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The Spectra decade: Company transformed pipeline world in 10-year run

Spectra Energy Corp became an independent company in 2007 and will end its run not far into 2017 when it becomes part of Enbridge Inc. At the close of that period, just a little more than the time given to a two-term president, Spectra Energy has made an extensive case that companies leave legacies.

In the decade of operations since Spectra Energy spun off from Duke Energy Corp., the company has put in place about $19 billion in infrastructure, including major interstate pipeline and storage facilities that move natural gas, natural gas liquids and oil for customers in North America. The new infrastructure added to a core of assets strung between and through some of the best production zones and market centers in the country: the U.S. Northeast, the Marcellus Shale before it was the Marcellus Shale, Texas, eastern Canada and western Canada.

Beyond the physical monuments to energy, Spectra Energy has helped revolutionize the way pipeline companies are structured and the way they work with the public to get projects built. According to officials inside the company and out, Spectra Energy has excelled at finding business partners for its projects and working with the communities its pipelines cross. Spectra Energy has also worked with industry, government and communities to make the pipeline industry safer.

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Spectra Energy Chairman, President and CEO Gregory Ebel

Source: Spectra Energy Corp

"Through a combination of acquiring assets and building assets, I think we really have built an amazing gas business," Spectra Energy Chairman, President and CEO Gregory Ebel said. "So we've made history from that perspective. Now it's about moving forward with the new Enbridge to make history again, and we couldn't be more excited about that."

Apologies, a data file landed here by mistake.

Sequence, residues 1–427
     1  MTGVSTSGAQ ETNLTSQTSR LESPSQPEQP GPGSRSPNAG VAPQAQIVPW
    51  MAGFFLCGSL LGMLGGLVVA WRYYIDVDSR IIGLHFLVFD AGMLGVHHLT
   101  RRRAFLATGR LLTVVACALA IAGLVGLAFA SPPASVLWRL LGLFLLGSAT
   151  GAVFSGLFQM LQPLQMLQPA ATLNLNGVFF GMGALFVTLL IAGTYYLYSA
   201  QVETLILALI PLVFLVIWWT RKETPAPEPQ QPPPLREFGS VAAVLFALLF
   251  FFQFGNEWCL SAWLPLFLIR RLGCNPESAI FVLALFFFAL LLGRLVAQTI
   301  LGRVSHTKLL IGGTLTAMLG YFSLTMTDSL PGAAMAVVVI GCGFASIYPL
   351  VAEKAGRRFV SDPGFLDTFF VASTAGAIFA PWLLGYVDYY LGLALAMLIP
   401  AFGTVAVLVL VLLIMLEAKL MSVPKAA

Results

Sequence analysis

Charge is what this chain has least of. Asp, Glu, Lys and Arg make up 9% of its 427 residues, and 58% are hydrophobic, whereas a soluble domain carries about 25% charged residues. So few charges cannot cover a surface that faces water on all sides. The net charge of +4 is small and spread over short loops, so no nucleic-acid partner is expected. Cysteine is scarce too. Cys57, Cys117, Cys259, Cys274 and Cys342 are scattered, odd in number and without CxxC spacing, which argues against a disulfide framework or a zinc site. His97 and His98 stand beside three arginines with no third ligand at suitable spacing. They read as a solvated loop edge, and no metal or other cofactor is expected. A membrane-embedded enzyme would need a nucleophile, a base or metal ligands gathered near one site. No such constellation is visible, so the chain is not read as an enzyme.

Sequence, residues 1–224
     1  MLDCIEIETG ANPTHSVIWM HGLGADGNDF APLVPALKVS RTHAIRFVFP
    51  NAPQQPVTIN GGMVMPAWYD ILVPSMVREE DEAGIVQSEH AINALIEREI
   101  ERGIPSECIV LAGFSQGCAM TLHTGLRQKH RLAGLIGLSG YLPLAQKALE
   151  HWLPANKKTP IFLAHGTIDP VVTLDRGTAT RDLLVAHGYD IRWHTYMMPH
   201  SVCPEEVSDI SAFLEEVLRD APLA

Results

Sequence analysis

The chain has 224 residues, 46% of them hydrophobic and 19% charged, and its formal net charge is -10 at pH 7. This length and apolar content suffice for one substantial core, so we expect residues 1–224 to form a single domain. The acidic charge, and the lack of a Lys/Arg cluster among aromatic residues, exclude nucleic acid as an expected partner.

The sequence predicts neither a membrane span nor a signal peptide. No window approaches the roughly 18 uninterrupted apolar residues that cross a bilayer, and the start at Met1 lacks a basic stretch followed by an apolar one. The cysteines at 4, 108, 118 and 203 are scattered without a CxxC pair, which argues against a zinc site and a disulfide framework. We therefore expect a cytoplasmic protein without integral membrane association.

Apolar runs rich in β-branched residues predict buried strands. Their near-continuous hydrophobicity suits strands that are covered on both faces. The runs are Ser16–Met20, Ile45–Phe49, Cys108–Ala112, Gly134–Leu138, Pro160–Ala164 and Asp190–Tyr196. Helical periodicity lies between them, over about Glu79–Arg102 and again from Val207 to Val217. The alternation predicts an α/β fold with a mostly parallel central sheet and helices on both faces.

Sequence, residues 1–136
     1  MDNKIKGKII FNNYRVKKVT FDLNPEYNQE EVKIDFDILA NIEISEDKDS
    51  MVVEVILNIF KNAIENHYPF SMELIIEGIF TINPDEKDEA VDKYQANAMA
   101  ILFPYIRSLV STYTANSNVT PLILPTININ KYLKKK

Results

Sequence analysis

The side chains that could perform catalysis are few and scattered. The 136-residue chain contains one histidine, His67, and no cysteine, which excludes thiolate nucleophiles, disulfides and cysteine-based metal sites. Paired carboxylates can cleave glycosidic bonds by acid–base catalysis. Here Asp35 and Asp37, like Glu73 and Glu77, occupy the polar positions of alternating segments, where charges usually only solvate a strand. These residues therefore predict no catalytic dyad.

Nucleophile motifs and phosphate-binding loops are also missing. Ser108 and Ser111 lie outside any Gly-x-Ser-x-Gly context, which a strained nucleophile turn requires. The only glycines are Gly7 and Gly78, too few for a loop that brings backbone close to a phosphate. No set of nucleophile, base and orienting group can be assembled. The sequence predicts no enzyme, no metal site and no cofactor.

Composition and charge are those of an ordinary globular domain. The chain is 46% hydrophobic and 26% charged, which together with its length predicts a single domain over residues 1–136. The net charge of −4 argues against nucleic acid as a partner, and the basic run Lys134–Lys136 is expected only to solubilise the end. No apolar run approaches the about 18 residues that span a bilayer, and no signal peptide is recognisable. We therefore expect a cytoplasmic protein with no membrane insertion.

In an interview with S&P Global Market Intelligence, Ebel divided the legacy of his company into three categories. "First of all, for our customers, Spectra has put billions of dollars of new pipeline capacity in place, which has allowed those customers to deliver energy at a cheaper cost to their consumers," Ebel said. "That's a big deal, especially in places like the Northeast." And not just cheaper, Ebel said, because gas has a lower environmental impact as a power generation and heating fuel than coal and oil.

"The second is a legacy of stable and disciplined returns for our investors," Ebel said. "Since I have taken over as CEO in late '08 and early '09, [North America has] gone through recessions and all kind of things, and yet we've been able to provide 270% total shareholder return for investors."

"From the time we launched in 2007," he said, "the enterprise value of the company has gone from about $25 billion to about $50 billion, doubling the enterprise."

"And obviously, now we're going to a combination that will create North America's largest energy infrastructure company," Ebel said. He said the new Enbridge will provide Spectra shareholders with 10% to 12% annual dividend increases and excellent growth prospects.

"The things that investors liked about Spectra Energy will exist in the future," Ebel said.

The third legacy Ebel identified was how the company provided its people with growth opportunities across North America in small towns and big cities, "jobs that never go offshore," he said.


The focus on people and partnerships helped make the company, Ebel said. With this focus, Spectra Energy helped push the pipeline industry in new directions. It was an early proponent of working with other companies.

"A lot of this has been thanks to partnerships," Ebel said. "What I mean by 'partnerships' is having some of our customers involved directly from an investment perspective. That wasn't always the case."